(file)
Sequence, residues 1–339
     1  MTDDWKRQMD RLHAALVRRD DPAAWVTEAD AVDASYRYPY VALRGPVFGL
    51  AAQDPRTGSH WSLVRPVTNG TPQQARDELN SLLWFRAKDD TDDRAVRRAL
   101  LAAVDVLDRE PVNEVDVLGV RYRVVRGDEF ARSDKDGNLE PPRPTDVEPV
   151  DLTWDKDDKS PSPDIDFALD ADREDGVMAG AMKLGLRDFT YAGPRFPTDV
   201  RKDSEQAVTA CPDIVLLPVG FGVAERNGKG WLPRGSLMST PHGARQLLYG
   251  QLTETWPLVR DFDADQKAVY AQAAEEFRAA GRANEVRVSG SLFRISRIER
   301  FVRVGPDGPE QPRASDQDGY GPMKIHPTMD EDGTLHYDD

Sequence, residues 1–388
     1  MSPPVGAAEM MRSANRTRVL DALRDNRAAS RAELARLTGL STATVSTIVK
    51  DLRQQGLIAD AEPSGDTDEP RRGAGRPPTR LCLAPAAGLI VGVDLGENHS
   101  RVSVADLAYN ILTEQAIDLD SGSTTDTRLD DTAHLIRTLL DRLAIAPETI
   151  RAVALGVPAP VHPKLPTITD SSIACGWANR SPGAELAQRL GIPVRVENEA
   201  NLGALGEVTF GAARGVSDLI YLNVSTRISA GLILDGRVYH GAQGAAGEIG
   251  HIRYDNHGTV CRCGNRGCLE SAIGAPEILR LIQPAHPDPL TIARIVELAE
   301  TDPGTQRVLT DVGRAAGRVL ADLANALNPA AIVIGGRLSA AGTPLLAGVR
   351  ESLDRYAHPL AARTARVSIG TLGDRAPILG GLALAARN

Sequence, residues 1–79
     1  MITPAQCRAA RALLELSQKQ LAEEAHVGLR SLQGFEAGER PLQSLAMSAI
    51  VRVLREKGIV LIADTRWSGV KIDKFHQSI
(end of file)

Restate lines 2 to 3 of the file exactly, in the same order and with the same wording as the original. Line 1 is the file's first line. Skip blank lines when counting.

     1  MTDDWKRQMD RLHAALVRRD DPAAWVTEAD AVDASYRYPY VALRGPVFGL
    51  AAQDPRTGSH WSLVRPVTNG TPQQARDELN SLLWFRAKDD TDDRAVRRAL